clock menu more-arrow no yes

Filed under:

Sean Miller sarcastically suggests way to improve Arizona’s defense, cut back on turnovers

New, 4 comments
NCAA Basketball: Grambling State at Arizona Joe Camporeale-USA TODAY Sports

As a defensive-minded coach, Sean Miller is always looking for ways to improve his team on that side of the court.

Watching the Arizona Wildcats get whistled for 11 offensive fouls in their wins over Grambling State and Eastern Washington has hatched an idea.

“We have to kind of join the party and flop, and run full speed and take fouls with our chest and slide in underneath,” he said after the EWU game with a heavy dose of sarcasm. “And any low post guy, when he turns, draw the charge, and teach it because those are big plays. Those are turnovers on the offense, fouls on the other team’s good player, and a lot of times it erases a basket.

“I mean, I think we had one or two where we were rim-running without the ball in transition, had our hands up, trying to get position. And if the defender just falls down, there’s a chance that it’s an offensive foul. It’s a hard game to watch and I think [college basketball] is really the only game that’s called like that. But that’s the rules, that’s how it’s being called, and I think it’s something that really even tomorrow we’re going to work hard on—fall down, fall down, fall down, run into screens, run into screens, just throw your head back and draw charges instead of trying to go vertical.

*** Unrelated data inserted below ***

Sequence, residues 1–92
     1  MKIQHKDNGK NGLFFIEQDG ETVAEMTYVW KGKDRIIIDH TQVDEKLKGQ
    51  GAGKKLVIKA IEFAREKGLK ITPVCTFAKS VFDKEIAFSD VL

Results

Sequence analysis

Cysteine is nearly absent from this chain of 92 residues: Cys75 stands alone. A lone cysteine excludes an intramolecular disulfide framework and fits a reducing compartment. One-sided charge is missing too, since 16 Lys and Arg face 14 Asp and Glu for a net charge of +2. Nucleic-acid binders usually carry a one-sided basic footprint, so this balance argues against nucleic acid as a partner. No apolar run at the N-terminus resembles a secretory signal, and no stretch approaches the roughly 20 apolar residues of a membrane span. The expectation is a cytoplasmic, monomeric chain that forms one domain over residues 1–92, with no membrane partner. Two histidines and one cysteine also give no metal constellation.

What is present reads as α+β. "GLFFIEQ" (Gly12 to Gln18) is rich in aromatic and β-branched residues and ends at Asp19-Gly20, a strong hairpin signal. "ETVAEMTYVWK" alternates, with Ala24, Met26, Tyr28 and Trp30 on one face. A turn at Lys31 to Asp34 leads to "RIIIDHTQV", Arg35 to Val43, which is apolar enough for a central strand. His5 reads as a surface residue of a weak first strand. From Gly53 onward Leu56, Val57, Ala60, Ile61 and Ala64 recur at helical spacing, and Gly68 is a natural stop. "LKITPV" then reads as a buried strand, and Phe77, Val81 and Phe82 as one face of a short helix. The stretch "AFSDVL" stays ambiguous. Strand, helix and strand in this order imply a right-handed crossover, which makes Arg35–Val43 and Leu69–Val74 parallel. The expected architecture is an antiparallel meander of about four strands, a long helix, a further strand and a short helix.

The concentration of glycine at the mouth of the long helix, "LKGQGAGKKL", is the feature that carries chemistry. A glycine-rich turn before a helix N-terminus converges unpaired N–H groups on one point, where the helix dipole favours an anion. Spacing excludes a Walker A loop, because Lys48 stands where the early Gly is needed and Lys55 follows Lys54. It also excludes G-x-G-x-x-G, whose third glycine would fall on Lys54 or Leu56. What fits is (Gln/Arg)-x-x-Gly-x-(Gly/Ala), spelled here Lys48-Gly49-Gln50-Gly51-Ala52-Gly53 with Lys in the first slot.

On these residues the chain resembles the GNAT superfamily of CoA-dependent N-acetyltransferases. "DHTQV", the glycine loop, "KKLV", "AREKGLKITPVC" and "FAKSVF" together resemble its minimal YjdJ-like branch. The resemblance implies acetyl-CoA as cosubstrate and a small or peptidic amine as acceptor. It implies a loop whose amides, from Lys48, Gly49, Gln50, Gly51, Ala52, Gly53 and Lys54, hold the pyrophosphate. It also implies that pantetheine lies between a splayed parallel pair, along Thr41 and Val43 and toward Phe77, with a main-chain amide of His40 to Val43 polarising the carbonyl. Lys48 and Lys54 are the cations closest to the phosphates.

“Good players don’t get screened, that’s one of the things we try to talk with our defense. Don’t run into the screens, right? Good players don’t get screened. (They) avoid the screens. But running into them I think is beneficial right now the way the game is being called, and we certainly have to adjust to that. That’s 100 percent on me.”

While Miller isn’t being totally serious, Arizona does have a turnover problem. Its turnover rate (20.4) is the highest it’s ever been during his tenure.

“College basketball is so much about running full speed and just falling down, leaving the corners and a guy leaves his feet and sliding underneath them,” he continued. “And any big who’s got the ball in and around the goal, as he dribbles to turn, just fall down.

“I’m not even saying that to complain, but we have to do a better job of drawing the charge ourselves—on the ball, off the ball, bigs—because it’s crazy. If you run into a screen on defense, whether you’re on the ball or whether you’re off the ball, if you’re guarding the dribbler or the cutter I can make a strong argument that that’s not a good defensive play. You just ran right into the screen. So the offense benefits. But it’s almost like if you run into the screen it’s foul. And again offensively if you think about 16 turnovers and fouls on both Jordan Brown and Christian Koloko. I mean, we had to have five to seven, eight offensive fouls. And I think we had a handful against Grambling, so we have to clean that up ourselves.”